CMS Details Supplemental Benefits For Chronically Ill Enrollees in 2020
CMS proposed in a draft call letter Wednesday (Jan. 30) how Medicare Advantage (MA) plans could submit new supplemental benefits specifically for chronically ill enrollees in their 2020 bids.
Director of the Center for Medicare Demetrios Kouzoukas said on a call Wednesday that the proposal comes from a recognition that “beneficiaries have multiple chronic illnesses” and said the supplemental benefits, called Special Supplemental Benefits for the Chronically Ill (SSBCI), would provide enrollees with new options.
In last year’s call letter, CMS began to allow MA plans to offer supplemental benefits, which are benefits not offered under original Medicare, beginning in 2019, including adult day care, support for caregivers, in-home supports, home safety modifications and more, to help with physical impairments. It did not add services that deal with social determinants of health. The 2018 call letter also only includes primarily health-related benefits.
Separately, the Bipartisan Budget Act of 2018 loosened uniformity requirements, allowing MA plans to vary benefits based on the individual enrollee’s needs. It also amended the law to allow MA plans to offer non-primarily health-related supplemental benefits to chronically ill enrollees in 2020.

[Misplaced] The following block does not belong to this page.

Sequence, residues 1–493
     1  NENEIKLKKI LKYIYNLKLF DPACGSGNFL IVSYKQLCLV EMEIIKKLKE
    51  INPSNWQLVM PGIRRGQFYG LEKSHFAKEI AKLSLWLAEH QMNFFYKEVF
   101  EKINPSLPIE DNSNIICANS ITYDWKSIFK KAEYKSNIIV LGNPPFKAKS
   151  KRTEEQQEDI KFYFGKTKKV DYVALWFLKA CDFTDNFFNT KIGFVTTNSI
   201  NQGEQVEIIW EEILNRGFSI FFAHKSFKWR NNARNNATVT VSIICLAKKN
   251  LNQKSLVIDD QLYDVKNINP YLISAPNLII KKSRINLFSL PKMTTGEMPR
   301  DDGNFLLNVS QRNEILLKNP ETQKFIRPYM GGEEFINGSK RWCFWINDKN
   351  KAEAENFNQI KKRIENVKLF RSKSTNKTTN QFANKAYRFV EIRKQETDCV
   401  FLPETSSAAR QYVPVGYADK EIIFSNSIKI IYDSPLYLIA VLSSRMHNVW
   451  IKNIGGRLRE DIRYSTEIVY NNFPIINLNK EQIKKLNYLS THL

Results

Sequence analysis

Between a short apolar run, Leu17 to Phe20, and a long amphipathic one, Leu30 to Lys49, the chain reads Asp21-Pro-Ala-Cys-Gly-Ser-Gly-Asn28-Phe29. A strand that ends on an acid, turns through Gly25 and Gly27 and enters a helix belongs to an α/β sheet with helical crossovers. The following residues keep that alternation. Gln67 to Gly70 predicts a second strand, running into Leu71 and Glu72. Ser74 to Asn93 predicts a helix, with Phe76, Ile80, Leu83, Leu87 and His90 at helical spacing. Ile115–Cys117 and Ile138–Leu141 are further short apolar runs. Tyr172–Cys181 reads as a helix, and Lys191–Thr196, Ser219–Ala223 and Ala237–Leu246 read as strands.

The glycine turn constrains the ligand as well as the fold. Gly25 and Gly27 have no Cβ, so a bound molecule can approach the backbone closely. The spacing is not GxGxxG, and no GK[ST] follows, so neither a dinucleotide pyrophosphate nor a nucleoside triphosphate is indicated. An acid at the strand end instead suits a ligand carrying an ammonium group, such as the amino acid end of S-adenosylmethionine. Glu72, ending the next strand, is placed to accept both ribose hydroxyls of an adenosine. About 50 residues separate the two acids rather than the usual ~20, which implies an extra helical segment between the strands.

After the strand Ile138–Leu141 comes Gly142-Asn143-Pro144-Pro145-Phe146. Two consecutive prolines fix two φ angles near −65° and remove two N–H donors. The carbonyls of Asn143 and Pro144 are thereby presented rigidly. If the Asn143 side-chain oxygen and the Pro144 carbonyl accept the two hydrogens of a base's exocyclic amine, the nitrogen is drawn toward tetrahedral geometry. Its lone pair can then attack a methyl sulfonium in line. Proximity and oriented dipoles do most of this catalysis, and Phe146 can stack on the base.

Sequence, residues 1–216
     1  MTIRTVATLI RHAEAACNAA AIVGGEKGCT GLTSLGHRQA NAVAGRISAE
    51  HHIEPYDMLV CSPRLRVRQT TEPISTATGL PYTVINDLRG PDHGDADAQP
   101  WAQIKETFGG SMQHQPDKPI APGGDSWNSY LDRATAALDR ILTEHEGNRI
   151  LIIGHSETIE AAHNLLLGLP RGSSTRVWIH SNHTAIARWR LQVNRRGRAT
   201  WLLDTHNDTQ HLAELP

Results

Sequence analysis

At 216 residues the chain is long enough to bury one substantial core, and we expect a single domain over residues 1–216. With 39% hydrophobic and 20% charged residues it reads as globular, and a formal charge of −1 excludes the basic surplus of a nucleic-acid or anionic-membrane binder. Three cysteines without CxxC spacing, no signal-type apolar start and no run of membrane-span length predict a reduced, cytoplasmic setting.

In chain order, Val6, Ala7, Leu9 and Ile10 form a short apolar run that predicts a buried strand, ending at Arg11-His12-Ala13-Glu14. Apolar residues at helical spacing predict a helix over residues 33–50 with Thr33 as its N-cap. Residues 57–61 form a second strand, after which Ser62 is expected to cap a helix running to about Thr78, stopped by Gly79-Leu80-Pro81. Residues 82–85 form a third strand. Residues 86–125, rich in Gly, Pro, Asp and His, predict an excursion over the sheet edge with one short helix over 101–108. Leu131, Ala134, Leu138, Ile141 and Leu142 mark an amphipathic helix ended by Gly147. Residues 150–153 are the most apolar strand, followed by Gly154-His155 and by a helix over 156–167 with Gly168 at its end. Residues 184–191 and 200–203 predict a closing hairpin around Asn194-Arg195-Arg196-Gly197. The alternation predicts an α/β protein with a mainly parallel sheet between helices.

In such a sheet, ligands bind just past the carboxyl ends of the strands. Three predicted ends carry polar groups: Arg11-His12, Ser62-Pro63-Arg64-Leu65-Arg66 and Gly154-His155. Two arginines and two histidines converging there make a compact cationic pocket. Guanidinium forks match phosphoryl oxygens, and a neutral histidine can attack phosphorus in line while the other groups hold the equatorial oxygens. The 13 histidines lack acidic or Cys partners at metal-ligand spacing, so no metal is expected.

In the draft letter released Wednesday, CMS differentiated that MA plans will be able to offer separate supplemental benefits (SSBCI) to chronically ill enrollees.
For an enrollee to be defined as chronically ill, they must fit all three of the following criteria: have one or more comorbid and medically complex chronic conditions that are life threatening or significantly limit the overall health or function of the enrollee, have a high risk of hospitalization or other adverse health outcomes, and require intensive care coordination, CMS said.
CMS said that an enrollee would meet the first criterion if they have a condition defined in the Medicare Managed Care Manual as a chronic condition. Those include: alcohol or other drug dependence, certain autoimmune disorders, certain cardiovascular disorders, chronic heart failure, dementia, diabetes, end-stage liver disease, end-stage renal disease requiring dialysis, certain hematological disorders, HIV/AIDS, certain chronic lung disorders, certain mental health conditions, certain neurological disorders, and stroke.
CMS said MA plans do not need to outline the process they use to determine chronically ill enrollees.
CMS will solicit comments on whether plans should be allowed to determine what chronic conditions are considered life threatening or significantly limiting and whether alternative approaches to the criterion should be considered.
In accordance with the Bipartisan Budget Act, CMS also said MA plans can vary which chronically ill enrollees are offered SSBCI. However, CMS said plans must offer objective criteria and reasoning why one enrollee might receive supplemental benefits over another.